Spring is time to plant a row for the hungry (5/21/09)

May 21, 2009

By Tim Simard

Observer staff

With warmer days and bountiful sunshine in the forecast, now is the time many local residents will begin planting their garden in anticipation of a strong growing season. As they do so, the Williston Observer’s Plant a Row for the Hungry program is asking gardeners to think about planting extra vegetables for area food shelves.


    Observer photo by Greg Duggan
Judy Geissler pins burlap sacks in the ground to prevent weeds from growing around the beanpoles at the Williston Community Garden on Tuesday evening. Geissler is a member of the Master Gardener program, which donates produce from the garden to the Williston Plant a Row efforts.


    Observer photo by Greg Duggan
Gardening tools lay at the edge of the Williston Community Garden on Tuesday evening.

This year, the campaign is adding a second delivery day each week to bring fruits and vegetables to local food shelves. Deliveries will take place Wednesdays and Fridays at 9 a.m. The Observer will accept donations of produce Monday through Thursday.

In the past, Plant a Row has donated thousands of pounds of fresh produce to the Hinesburg Food Shelf and the Chittenden Emergency Food Shelf in Burlington. This year, the program will turn its focus to the Williston Community Food Shelf, which opened its doors at the tail end of last year’s growing season.

Marianne Apfelbaum, publisher of the Observer, is urging all local growers to plant an extra row this season to help out the area food shelves.

“We are very excited to be able to provide fresh produce this year to needy families right in our own community, as well as to continue to support the Hinesburg and Burlington food shelves as food donations permit,” Apfelbaum said.

Williston’s Plant a Row program began three years ago, modeling itself after the nationwide Plant a Row for the Hungry program created by the Garden Writers Association.

The new delivery schedule reflects the three days a week when the Williston Community Food Shelf is open. The Plant a Row program expects to make two deliveries per week to make sure the Food Shelf receives the freshest produce.

“We don’t want it to sit on our shelves and spoil,” said Cathy Michaels, a board member with the Williston Community Food Shelf.

Michaels said this would be the first time the Food Shelf will be able to offer fresh vegetables. Last year, when the organization opened in Maple Tree Place in November, it briefly offered late season apples.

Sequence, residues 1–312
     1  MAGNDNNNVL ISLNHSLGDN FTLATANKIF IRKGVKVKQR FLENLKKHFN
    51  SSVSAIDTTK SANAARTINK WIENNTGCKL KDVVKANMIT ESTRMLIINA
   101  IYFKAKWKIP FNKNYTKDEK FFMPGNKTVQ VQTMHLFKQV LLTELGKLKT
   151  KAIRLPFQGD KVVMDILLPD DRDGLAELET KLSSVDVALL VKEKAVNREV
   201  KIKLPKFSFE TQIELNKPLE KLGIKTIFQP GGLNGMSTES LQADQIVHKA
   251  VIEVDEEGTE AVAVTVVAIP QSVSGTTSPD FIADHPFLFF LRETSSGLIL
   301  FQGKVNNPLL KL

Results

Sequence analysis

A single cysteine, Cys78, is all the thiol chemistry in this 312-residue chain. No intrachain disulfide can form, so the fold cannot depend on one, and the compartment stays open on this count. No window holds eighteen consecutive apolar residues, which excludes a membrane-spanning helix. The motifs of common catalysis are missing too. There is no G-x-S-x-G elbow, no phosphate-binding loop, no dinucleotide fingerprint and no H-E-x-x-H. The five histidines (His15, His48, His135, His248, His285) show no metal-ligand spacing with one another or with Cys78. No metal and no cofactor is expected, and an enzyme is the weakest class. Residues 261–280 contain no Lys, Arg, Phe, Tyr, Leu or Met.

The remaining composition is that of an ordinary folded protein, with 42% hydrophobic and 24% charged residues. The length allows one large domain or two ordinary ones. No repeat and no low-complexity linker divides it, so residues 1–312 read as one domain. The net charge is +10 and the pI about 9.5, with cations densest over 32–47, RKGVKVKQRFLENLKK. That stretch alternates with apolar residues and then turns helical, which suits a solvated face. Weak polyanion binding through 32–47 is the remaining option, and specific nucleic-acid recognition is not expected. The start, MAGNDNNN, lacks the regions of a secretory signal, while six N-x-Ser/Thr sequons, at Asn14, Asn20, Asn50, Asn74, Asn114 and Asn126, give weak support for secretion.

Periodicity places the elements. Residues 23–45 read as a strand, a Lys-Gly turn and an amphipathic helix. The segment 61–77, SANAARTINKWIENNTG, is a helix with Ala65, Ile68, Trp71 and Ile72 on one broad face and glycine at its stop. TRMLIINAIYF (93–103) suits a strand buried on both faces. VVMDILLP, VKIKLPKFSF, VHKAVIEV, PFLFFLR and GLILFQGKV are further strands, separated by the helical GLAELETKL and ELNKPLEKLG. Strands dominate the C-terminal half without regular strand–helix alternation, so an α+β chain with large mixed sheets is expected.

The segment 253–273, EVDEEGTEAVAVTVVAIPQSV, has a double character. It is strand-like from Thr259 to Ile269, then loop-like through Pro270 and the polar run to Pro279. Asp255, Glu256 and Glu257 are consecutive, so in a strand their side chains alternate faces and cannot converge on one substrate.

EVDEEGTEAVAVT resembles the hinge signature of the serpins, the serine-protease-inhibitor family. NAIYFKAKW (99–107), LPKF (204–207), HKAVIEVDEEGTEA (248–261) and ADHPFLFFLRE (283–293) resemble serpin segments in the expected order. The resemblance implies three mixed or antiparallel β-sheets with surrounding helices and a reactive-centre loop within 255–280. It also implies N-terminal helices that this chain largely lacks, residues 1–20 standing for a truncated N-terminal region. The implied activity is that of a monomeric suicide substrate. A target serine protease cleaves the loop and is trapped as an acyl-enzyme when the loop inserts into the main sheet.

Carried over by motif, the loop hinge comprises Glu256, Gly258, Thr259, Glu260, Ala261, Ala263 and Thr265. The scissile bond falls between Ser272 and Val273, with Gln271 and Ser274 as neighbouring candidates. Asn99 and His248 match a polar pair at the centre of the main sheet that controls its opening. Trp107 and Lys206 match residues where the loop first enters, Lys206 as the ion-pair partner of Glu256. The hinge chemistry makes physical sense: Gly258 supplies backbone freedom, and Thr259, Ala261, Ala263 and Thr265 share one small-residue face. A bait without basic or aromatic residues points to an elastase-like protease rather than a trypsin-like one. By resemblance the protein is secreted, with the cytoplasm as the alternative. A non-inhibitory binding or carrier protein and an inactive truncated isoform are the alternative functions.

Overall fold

“We haven’t ever been open this time of year,” Michaels said. “It’ll be a nice surprise for them.”

A regional need

The Williston Community Food Shelf will receive the bulk of Plant a Row donations, Apfelbaum said. The Hinesburg Food Shelf and the Chittenden Emergency Food Shelf will receive the excess donations, she added.

Hinesburg Food Shelf coordinator Doug Gunnerson hopes his organization will still receive a good amount of produce.

“It’ll affect us for sure,” Gunnerson said. “It’ll be quite a bit from them that we’re not going to get anymore.”

Gunnerson said there were a few local Hinesburg gardeners who donated items last year and he hopes there might be more this season. He said fresh produce is always a popular item at the Hinesburg Food Shelf, which is open once a week on Friday mornings.

Last year, more than 1,200 pounds were donated to the food shelves in Hinesburg and Burlington. That total was down about 1,000 pounds from 2007, yet still drew the same number of participants. Local growers have said the 2008 growing season was a difficult one due to excessive rainfall. This year the Observer has set a goal of collecting 1,500 pounds of produce.

June Jones, a member of the Master Gardeners, said the heavy rains last May and June spoiled many early season vegetables. High humidity also caused fungus problems on tomato plants. This year, the gardeners planned to leave more space between plants to allow for better air filtration and less chance for spoilage.

“People were packing them all too tightly into the plots, which isn’t necessarily something you want to do,” Jones said.

The Master Gardeners are a volunteer group that promotes successful and environmentally friendly gardening. The group maintains a plot at the Williston Community Garden, and has contributed to the Observer’s Plant a Row program since its inception.

The Master Gardeners began their planting season on Tuesday evening at the Williston Community Garden at Brennan Woods, the day after what Jones hoped would be the spring’s final frost.

For more information on the Plant a Row program, contact Kelly Walters at the Williston Observer at 872-9000, x19.